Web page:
Pittsburgh employment lawyer Charles A. Lamberton.

Representing executives, managers and professional

employees in discrimination, retaliation, sexual harassment

and wrongful termination cases for more than 15 years.

High end representation for high end cases and clients.

Call us today.

rights advocacy for
executives, managers
and professionals


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blog archives
Recent Posts
  • May 20 2017 - Racism, American style

    As someone who grew up in a small town in South Dakota, I confess a longstanding ignorance of the legitimate concerns and grievances of African Americans in the United States. I’ve never been racially profiled; no one has ever crossed … Continue reading

  • May 10 2017 - Donald Trump, the FBI and pretext

    President Donald Trump’s recent termination of FBI Director James Comey belongs in a textbook on employment discrimination. It shows the way employers can get into legal trouble when firing an employee. It is such a textbook example of a “bad … Continue reading

  • Mar 27 2017 - Ageism is all around us

    We cannot forget that ageism is the most socially condoned form of discrimination in the United States. This clip from SNL reminds us of some common ageist stereotypes. Carvey’s character is called “Grumpy Old Man.” Grumpiness would be the first … Continue reading

  • Jan 26 2017 - Mayor Bill Peduto shows courage and leadership

    One of the many reasons I strongly support Pittsburgh Mayor Bill Peduto is because of his political courage and willingness to do what is right.  I take the liberty of re-posting Mayor Peduto’s full Statement in Response to President Trump’s … Continue reading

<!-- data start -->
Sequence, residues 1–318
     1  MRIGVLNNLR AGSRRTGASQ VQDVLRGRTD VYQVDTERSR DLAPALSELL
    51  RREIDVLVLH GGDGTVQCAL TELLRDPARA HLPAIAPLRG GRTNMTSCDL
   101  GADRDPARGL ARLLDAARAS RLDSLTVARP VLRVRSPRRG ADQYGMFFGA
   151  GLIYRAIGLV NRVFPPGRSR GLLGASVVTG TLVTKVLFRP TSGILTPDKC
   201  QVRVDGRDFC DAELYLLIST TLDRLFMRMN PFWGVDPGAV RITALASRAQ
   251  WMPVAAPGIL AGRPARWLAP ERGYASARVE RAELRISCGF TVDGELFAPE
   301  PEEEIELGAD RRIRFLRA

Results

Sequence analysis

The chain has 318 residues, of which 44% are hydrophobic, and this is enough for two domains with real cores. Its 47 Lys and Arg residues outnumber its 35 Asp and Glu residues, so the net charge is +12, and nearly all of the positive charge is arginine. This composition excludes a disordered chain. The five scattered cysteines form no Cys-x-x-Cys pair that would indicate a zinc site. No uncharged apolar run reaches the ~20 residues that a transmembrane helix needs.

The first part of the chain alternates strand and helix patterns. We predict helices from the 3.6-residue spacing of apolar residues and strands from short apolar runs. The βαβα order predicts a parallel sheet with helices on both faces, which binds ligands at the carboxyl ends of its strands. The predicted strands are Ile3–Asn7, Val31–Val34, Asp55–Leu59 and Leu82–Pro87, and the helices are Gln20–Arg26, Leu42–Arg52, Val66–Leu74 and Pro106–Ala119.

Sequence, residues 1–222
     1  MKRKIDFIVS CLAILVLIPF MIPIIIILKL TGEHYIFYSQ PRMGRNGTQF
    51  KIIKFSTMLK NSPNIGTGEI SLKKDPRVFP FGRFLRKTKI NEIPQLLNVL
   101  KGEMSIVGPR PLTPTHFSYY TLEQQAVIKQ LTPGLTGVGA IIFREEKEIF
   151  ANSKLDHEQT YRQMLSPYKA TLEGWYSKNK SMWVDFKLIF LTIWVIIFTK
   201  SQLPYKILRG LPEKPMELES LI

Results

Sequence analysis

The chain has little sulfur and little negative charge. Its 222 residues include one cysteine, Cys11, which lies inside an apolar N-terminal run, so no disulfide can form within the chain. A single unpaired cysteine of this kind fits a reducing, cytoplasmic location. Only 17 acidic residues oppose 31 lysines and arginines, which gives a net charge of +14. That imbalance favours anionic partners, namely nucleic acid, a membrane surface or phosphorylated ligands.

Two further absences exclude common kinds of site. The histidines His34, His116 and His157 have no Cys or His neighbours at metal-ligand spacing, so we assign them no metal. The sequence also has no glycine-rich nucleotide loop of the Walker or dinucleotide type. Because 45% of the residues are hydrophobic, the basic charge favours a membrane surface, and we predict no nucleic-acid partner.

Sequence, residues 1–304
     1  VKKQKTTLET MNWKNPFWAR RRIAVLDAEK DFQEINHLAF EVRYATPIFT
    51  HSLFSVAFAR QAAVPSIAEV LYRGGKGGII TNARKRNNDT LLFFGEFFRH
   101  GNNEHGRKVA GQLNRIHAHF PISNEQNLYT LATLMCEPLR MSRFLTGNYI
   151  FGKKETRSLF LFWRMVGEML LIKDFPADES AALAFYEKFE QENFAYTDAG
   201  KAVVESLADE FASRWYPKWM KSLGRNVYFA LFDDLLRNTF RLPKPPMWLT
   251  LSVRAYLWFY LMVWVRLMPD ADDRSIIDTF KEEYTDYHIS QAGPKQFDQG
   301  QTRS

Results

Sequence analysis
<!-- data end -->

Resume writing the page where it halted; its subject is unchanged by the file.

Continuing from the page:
• Dec 15 2016 - Depression, PTSD & Other Mental Health Conditions in the Workplace: Your Legal Rights

    If you are suffering from depression, post-traumatic stress disorder (PTSD), or another mental health condition, you are protected against discrimination and harassment at work because of your condition, you have workplace privacy rights, and you may have a legal right to get reasonable accommodations that can help you … Continue reading

  • Dec 9 2016 - Lamberton elected President of Western Pennsylvania Employment Lawyers Association

    Charles A. Lamberton has been elected President of the Western Pennsylvania Employment Lawyers Association (“WPELA”). WPELA advances employee rights and serves lawyers in Western Pennsylvania who advocate for equality and justice in the workplace. WPELA is dedicated to promoting the interests of … Continue reading

  • Nov 6 2016 - Court finds sexual orientation discrimination is sex discrimination

    The Hon. Cathy Bissoon, District Judge for the United States District Court for the Western District of Pennsylvania, has just held: “There is no more obvious form of sex stereotyping than making a determination that a person should conform to … Continue reading

  • Oct 3 2016 - Tips for your anti-discrimination policy

    The EEOC recently posted some tips for employers looking to develop an anti-discrimination policy. The EEOC advises employers to:

    State that discrimination based on race, color, religion, sex (including pregnancy, sexual orientation, or gender identity), national origin, disability, age (40 … Continue reading